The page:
“Honey,” I said to Chris as we were driving home a couple of months ago, “just think how we’ve come to have a van-load of free building material.”

We’d visited Tania Copell, a fellow Permaculture Noosa member, who now owns the property Geoff Lawton owned and set up years ago. Back then, he planted bamboo by the drive-way and around the numerous dams, which Tania now harvests with the help of WWOOFers each year. She has very generously shared her long poles with us for free. We’ve used them to build the roof of the shade-house, tee-pees for the cucumbers, a four bay composting system and soon we’ll make trellises for the beans, luffas and chokos. It struck me how Geoff had generated a surplus by his design, and over a decade later people he’d never even met were benefiting from his actions.

I suppose this kind of surplus is being created in back-yards, on acreages and farms the world over. I’ve been thinking about how such tangible, useful and practical, almost forced generosity (the bamboo keeps on growing!) isn’t something I’ve experienced in any other movement or industry. While success is usually measured by bottom-lines and profit margins, money doesn’t inherently promote sharing of surplus. How can you define surplus of money? There’s no expiry date; it doesn’t go mouldy or have the shelf life of nectarines and bananas. You can store it, hoard it and invest it. But share it? I’ve been surprised to find a ‘gardening movement’ can produce abundance, caring and connection, and do it in an ethical, intelligent and fun way.

Since becoming members of Permaculture Noosa in April 2010, other members have shared their bananas, chokos, eggs, sapotes, pumpkin, rosella jam, chocolate cake, thousands of seeds, hand-drawn garden designs, bamboo, building techniques, garden tours, herbal remedies, information, numerous cuttings and plants. The surplus of this region and group, combined with people’s generosity has left us feeling overwhelmed at times. I’ve wondered ‘Is it unique to gardener’s and specifically Permaculturists, where using design to work with nature automatically leads to an abundance?’ We’ve experienced firsthand the ‘invisible structures’ set up by the group and are incredibly thankful for the help we’re receiving along the way.

On that note, we visited Dee’s friends’ place last week and got to see first-hand the design she was suggesting for our orchard. Tracy and Phil have been involved with Permaculture much longer than us and had established, ironically, what we’d initially tentatively drawn for our design. Only their property shows more confidence, simplicity and multifunction, stacked through time and space, than we could have imagined at our novice stage. Let me explain.

When we came home from the PDC we spent the first night attempting to design our recently purchased one and a half acres. We could see the value in capturing water run-off from the sloping block by digging swales along contour. Unfortunately I was put off by fear of the cost. Plus we didn’t envisage the stacking possibilities; planting the orchard, herbs, and other edible plants along the swales, increasing the earthwork’s usefulness. So instead, we planted the orchard in aesthetically pleasing, isolated mounds.


Dee grows strawberries around the base of their fruit trees.
They work as a grass and weed barrier and provide tasty treats
while working in the garden.

Enter Dee and Ian Humphries. That’s when they shared their experience mowing around individual trees (frustrating!), the ease of irrigating long rows instead of isolated mounds and suggested considering north/south orientation to make best use of the sunshine and in our case, water run off.


Mowing around ‘isolates’ isn’t the most efficient way to spend your time,
Dee and Ian assured us. Although their orchard still provides them with
fruit year-round in reward of their efforts.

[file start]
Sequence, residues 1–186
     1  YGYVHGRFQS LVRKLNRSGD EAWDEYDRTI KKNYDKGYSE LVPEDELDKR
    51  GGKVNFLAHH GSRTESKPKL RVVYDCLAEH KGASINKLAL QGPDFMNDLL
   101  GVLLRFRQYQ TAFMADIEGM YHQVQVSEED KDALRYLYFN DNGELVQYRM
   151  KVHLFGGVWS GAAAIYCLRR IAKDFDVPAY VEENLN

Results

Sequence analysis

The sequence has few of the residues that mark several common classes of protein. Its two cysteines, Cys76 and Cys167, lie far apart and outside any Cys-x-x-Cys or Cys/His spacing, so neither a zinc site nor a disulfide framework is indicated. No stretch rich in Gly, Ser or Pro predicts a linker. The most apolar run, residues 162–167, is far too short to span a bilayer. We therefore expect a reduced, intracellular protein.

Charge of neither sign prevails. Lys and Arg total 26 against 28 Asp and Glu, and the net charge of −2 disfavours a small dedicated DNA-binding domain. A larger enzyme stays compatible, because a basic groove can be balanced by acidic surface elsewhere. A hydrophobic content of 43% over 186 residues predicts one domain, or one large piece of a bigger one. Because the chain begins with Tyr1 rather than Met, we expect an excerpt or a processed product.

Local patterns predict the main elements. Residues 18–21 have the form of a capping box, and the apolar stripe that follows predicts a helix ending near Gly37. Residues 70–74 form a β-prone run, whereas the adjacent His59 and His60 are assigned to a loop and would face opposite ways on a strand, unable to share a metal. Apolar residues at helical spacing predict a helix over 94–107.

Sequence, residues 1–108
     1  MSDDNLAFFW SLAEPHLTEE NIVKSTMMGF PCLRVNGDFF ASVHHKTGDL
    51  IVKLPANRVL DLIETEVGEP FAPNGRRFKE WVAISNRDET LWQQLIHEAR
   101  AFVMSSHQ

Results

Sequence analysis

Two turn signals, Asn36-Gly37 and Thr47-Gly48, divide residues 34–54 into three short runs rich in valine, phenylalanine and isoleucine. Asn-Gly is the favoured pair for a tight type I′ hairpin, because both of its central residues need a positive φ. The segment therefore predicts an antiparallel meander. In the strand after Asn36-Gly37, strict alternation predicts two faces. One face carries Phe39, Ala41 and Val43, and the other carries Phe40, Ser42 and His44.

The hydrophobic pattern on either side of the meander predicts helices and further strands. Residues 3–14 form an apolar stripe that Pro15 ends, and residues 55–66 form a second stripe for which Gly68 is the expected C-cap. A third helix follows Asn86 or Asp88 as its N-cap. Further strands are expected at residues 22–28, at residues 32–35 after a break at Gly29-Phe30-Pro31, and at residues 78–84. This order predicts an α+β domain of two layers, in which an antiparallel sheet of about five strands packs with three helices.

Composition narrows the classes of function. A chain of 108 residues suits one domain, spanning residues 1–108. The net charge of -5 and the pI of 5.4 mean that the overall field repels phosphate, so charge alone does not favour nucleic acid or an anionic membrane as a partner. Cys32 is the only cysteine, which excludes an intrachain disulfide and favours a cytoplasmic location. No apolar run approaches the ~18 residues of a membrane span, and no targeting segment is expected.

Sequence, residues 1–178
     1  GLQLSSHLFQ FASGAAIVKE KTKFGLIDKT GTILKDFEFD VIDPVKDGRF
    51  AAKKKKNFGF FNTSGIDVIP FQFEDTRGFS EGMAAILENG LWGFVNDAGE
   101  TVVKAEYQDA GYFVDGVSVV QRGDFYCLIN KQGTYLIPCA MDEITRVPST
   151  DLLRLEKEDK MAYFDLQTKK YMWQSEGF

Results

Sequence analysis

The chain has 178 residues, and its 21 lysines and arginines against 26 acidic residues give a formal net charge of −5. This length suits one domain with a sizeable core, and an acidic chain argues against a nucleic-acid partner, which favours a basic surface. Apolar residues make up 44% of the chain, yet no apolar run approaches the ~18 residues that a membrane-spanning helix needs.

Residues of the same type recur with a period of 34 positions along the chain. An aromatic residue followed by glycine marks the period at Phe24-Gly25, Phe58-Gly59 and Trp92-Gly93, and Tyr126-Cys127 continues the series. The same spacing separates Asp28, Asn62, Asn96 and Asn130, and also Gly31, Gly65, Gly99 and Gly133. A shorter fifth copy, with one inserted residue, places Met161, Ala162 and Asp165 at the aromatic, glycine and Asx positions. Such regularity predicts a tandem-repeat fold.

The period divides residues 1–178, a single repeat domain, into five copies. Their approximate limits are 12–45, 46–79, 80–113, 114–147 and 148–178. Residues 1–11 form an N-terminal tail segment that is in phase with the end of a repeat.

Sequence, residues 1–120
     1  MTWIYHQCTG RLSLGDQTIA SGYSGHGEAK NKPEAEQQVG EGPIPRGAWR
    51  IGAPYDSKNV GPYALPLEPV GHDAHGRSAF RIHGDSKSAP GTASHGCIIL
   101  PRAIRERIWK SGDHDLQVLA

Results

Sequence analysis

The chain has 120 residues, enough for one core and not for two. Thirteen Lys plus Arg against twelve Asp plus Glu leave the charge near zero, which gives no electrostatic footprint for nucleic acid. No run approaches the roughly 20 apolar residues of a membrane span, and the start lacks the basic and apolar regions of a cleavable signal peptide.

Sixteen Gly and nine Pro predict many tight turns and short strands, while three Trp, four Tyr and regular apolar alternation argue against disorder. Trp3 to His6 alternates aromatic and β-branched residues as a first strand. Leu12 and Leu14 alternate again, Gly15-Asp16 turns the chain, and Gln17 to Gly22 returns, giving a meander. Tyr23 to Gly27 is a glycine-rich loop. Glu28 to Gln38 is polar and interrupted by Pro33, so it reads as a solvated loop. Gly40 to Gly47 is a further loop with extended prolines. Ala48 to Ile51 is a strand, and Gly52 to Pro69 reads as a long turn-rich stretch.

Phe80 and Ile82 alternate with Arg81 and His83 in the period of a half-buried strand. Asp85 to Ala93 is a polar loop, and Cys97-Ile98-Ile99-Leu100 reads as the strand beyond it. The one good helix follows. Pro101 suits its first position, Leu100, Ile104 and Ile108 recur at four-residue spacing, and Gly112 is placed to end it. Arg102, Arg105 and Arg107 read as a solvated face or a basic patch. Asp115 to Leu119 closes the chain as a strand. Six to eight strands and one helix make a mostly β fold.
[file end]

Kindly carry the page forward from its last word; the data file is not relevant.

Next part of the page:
At Tracy and Phil’s place we saw how easy it could be. Not only did their design take into account all of the above, it also:

  • produced its own convenient mulch, ready for harvest at the base of the trees in the form of lemon grass, arrowroot and comfrey which can be ‘cut and dropped’
  • lessened the overall length of edges compared with isolates, making them easier to maintain with cardboard periodically laid over the invading lawn
  • incorporated nitrogen fixing support trees to help provide wind-breaks while the fruit trees were established. Pigeon pea was their chosen species and provides a hit of nitrogen released into the soil with each pruning. Down south you could use Acacias or tagasaste. They also grew vegetables and herbs along the swales, stacking their yield by packing more into a space that was already irrigated and maintained.


First swale sighting!


Dee points out to Chris the multi-function of the swale achieved by ‘stacking’
plants in the ditch, on the mound and along the edges,
according to their water needs.

Seeing such a system in action and getting a sense of its scale gave Chris the motivation and confidence to try his hand at digging our swales. It’s worked out well. According to Mollison we can widen the ditch and move more dirt onto the mounds as the ditch gradually fills with silt over time. The purpose of the swales is to create humus (not hummus!) and help our orchard become established by holding water, allowing it to soak into the ground instead of run straight into the dam. Water from our shower is already piped down to the orchard, so we simply dug a ditch directing the flow into one end of the top swale. We won’t be growing leaf crops with that water, only mulch and citrus, and we will only use coconut soap in the shower so it should be safe for the soil and for us. At the other end, we found the house’s downpipes are emptying rainwater via another pipe, so Chris extended the swale to harness this surplus too, until we install rainwater tanks in future.


Ooohh, I do love those straight lines


Lemongrass is planted in the ditch, as it loves water. The fruit trees are planted
in the mound of the swale to provide them with much appreciated drainage.
Between the fruit trees are pigeon pea bushes — small trees that release nitrogen
into the soil when they are pruned, replacing the need for expensive and
environmentally unfriendly artificial fertilizers. As far as I know,
Acacias would also do the job.


On the lower side, behind the fruit trees, arrowroot is planted to provide
mulch when it’s cut and dropped on the ground. Arrowroot grows rapidly
in our climate. In addition, bush basil and other herbs such as
pineapple sage are planted on the mound, further extending the yield
from this intensive and diverse system.


An infant swale